THANKS FOR THE KIND WORDS: CAN WE HAVE SOME ACTION NOW?
Union Agriculture Minister Sharad Pawar’s statement in Parliament that the Government plans to shift subsidies from chemical fertilizers to organic manures has finally earned him some admiration from grassroots organisations working with small and marginal farmers in the country’s vast dry-lands.
Pawar’s statement, if translated into policy action, may go a long way in improving the condition of some of India’s poorest farmers in the rain-fed areas which account for about 60% of India’s total agriculture, including 90 per cent of its oilseeds, 80 per cent of its pulses and over 40 per cent of its total food grain production. (For more clarity, please see the links at the bottom of this note)
The Revitalising Rainfed Agriculture (RRA), a growing network of 175 civil society organisations, research institutions, policy makers, donor agencies, journalists and individuals, has said that even though it has come late, the Government’s plan to shift subsidies from chemical fertilizers to organic manures, will be a major step towards improving rain-fed farming. Historically, rainfed farmers are deprived of any government support to improve their soils and till now they have not received any significant incentive to adopt eco-friendly fertilization practices, so vital for a healthy and holistic approach to farming. (See the RRA Press Release below)
Although still stuck with the concept of Green Revolution for food security – of producing food surplus in a few districts to feed the rest of the nation – the Government seems to have realised a basic problem with the strategy: its heavy dependence on chemical fertilisers, pesticides and water, which has led to depletion of both soil nutrients and water and, consequently, output in the areas where it was executed. Concerned over the adverse impact of fertilisers on soil and crops, the government plans to reduce subsidy on it and divert funds to organic manures, bio-fertilisers, green manures and promotion of organic farming.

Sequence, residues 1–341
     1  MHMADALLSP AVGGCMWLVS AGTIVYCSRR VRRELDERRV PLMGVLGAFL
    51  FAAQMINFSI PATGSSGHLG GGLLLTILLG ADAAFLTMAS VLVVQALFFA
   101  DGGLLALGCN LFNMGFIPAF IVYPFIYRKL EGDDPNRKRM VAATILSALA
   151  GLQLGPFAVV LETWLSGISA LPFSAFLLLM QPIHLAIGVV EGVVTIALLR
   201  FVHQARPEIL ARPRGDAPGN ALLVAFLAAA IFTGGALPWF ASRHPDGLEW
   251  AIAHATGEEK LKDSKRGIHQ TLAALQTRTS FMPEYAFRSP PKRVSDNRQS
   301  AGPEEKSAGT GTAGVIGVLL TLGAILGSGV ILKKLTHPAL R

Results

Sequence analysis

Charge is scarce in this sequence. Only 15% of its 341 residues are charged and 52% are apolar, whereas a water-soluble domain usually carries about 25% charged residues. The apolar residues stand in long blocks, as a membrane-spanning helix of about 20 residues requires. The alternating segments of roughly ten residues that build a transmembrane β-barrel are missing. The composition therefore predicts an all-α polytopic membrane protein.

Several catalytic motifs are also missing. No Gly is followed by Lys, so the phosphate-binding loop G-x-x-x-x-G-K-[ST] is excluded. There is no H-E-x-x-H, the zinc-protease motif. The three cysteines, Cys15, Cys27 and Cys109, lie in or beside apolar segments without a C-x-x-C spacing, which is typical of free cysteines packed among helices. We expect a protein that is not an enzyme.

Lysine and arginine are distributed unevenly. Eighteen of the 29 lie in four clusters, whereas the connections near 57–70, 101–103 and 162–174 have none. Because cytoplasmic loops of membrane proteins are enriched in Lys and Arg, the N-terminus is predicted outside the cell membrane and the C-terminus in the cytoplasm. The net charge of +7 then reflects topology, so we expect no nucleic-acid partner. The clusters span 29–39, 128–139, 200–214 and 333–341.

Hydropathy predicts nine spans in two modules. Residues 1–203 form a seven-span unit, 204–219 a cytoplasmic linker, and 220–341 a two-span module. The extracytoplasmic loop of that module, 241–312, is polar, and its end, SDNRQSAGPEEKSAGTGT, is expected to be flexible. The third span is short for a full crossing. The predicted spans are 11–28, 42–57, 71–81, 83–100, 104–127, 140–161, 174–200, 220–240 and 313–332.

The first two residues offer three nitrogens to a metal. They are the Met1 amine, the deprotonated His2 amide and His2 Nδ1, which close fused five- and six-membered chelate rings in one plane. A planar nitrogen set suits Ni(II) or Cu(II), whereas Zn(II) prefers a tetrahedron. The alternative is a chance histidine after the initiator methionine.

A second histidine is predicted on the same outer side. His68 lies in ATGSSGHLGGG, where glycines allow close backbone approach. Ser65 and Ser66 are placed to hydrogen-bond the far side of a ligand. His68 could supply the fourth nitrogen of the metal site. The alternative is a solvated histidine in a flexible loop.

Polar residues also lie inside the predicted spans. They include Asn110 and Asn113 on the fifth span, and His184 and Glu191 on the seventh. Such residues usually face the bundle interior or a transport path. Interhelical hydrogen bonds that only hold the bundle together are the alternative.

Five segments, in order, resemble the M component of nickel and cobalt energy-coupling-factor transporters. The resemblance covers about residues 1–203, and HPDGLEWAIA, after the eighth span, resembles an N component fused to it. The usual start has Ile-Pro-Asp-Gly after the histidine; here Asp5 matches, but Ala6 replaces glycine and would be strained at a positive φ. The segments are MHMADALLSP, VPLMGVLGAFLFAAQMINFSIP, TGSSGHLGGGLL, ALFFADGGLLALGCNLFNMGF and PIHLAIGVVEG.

Arguable, the Green Revolution played a role in meeting the challenge of self reliance in food grain production in the face of rapidly rising population and India’s bitter experience and humiliation while negotiating food aid from the United States under the Public Law 480 programme. However, the success of the Green Revolution was based on adoption of crops that inherently demand more inputs – from groundwater to chemicals, fertilizers and pesticides – and promote monoculture at the cost of its vast dry-land areas. This resulted in widespread depletion of groundwater, rapidly growing soil degradation and an escalating fertilizer subsidy. Add to this the subsidies given for fertilizers and sprinklers or drips plus the power subsidies given by the state governments.
Compared to this, the support for rain-fed farmers in the dry-land regions has been negligible. India has a vast pool of drought-hardy and high-protein millets and sorghums which are capable of providing rich harvests for very little water or other inputs.
Now, buoyed by the statement made by Union Agriculture Minister Sharad Pawar in the Lok Sabha about Government’s plan to shift subsidies from chemical fertilizers to organic manures, the RRA network has asked for further steps to make it meaningful in resolving some major problems confronting the agriculture sector in rain-fed areas of the country.
Following is a press statement from the RRA Network:
Revitalizing Rainfed Agriculture (RRA) network welcomes Government’s plan to support organic manures